Whatever may be the rule in other jurisdictions it is established in this state that the doctrine of law of the case will be applied to decisions of the District Courts of Appeal after those decisions have become final. ( Often v. Spreckels, 183 Cal. 252 [ 191 P. 11]; United Dredging Co. v. Industrial Acc. Com., 208 Cal. 705 [ 284 P. 922]; Hill v. Maryland Casualty Co., 28 Cal.App. 422 [ 152 P. 953].) "Conceding the doctrine that the law of the case applies only to decisions of a court of last resort, we are nevertheless of the opinion that as to the decision on the former appeal, this court was the court of last resort. While appellant, which was respondent in the former appeal, might have applied to the supreme court for a transfer of the case after the rendition of the decision, it did not do so, but rested upon the decision as final." ( Hill v. Maryland Casualty Co., supra, p. 426.) In this case the question whether the District Court of Appeal had jurisdiction on the prior appeal was not raised. Defendant could have made a motion for a transfer of the case upon the ground that the District Court of Appeal lacked jurisdiction while the appeal was pending in that court. Also, defendant might have based his petition for a hearing in this court upon the ground that no appellate jurisdiction was vested in the District Court of Appeal. Instead, defendant permitted the District Court of Appeal's decision to become final, without raising the jurisdictional question. Under such circumstances we think the rule discussed above is applicable and the prior determination of the very question sought to be raised here constitutes the law of the case.
 It is true that the law of the case doctrine is a procedural rule which is generally followed, not because the court is without power to reconsider a former determination, but because the orderly processes of judicial procedure require an end to litigation. In the absence of exceptional circumstances of hardship and injustice the need for attributing finality to considered judicial determinations compels adherence to the previous decision. But the rule should never be made the instrument of injustice. Thus, where the controlling rules of law have been altered or clarified in the interval between the first and second appeal and adherence to the previous decision would result in defeating a just cause, it has been held that the court will not hesitate to reconsider its prior determination. (See England v. Hospital of Good Samaritan, 14 Cal.2d 791, 795 [ 97 P.2d 813]; 42 Harv. L. Rev. 938.) No comparable situation is present in this case. The only ground upon which a re-determination of the jurisdictional question is sought is that if defendant's contentions are sustained upon the second appeal, the case should have been appealed directly to the Supreme Court in the first place. In view of the distribution of appellate jurisdiction in this state, such an argument does not present any element of injustice which impels us to reconsider the prior determination of the issue made by the District Court of Appeal. This is especially true since appellate jurisdiction may be conferred upon the Supreme Court, where it improperly assumes to hear a law case, or upon a District Court of Appeal, where it improperly assumes to hear an equity case by the mere procedural formality of an order transferring the cause to the proper court followed by an order transferring the case back to the first court. (Const., art. VI, secs. 4, 4b, 4c.) Under such circumstances there is no fundamental injustice present which requires a re-examination of the decision reached upon the first appeal. Defendants have been deprived of no fundamental rights. As was said in Scrimsher v. Reliance Rock Co., supra, p. 393, in holding that the determination of jurisdiction reached upon the first appeal constituted the law of the case, "To hold otherwise . . . would be lending encouragement to a dilatory and highly technical procedure subversive of an effective disposition of an appeal fully briefed and decided on the merits. It would give encouragement to a respondent to await the event of an appeal by arguing the substantive questions involved and if dissatisfied with the decision of the court . . . for the first time, raise the question of the jurisdiction of the court of review to entertain the appeal in the first instance. This would certainly give rise to a most chaotic procedure and constitute a stumbling block to the orderly and speedy administration of justice." The merits of defendant's case are not involved and the issue which he seeks to raise concerns nothing more than the proper distribution of appellate business among the courts of the state. (See, 2 Am. Jur. 851.)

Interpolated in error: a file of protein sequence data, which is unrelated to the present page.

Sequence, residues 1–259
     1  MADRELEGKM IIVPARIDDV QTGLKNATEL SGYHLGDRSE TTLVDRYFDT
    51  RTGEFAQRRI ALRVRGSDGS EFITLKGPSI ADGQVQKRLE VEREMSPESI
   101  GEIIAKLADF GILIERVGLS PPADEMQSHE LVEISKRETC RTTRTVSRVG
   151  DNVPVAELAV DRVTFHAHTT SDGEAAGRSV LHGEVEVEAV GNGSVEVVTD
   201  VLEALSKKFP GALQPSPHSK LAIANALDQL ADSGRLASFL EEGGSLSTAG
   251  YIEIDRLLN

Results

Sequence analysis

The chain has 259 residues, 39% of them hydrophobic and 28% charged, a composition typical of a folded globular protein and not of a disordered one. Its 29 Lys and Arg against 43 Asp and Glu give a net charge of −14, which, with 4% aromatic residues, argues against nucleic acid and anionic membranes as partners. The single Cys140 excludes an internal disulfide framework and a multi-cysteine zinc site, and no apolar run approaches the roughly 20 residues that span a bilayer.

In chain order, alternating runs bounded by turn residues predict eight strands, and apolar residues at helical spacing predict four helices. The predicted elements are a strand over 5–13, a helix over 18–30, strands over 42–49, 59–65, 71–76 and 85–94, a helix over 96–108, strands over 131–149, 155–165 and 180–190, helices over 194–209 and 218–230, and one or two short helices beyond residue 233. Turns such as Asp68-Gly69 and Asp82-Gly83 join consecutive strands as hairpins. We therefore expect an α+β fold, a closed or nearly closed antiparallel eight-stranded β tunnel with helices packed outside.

The conclusions which have been reached in this case require us to transfer this appeal to the District Court of Appeal. While examination of the record convinces us that there is no longer any substantial question presented, the conclusion that the law of the case as laid down on the first appeal is controlling means that the second appeal should also have been taken to the District Court of Appeal. Since this appeal is taken to the wrong court, we are required to transfer the cause to a court which does have jurisdiction over the appeal. (Const., art. VI, sec. 4a; Rules for the Supreme Court and District Courts of Appeal, XXXII.)
The appeal in this case is hereby transferred to the District Court of Appeal, First Appellate District, Division One, in order that the appeal may be disposed of by the proper court.
Shenk, J., Curtis, J., Edmonds, J., Carter, J., and Traynor, J., concurred.
Appellants' petition for a rehearing was denied April 30, 1942.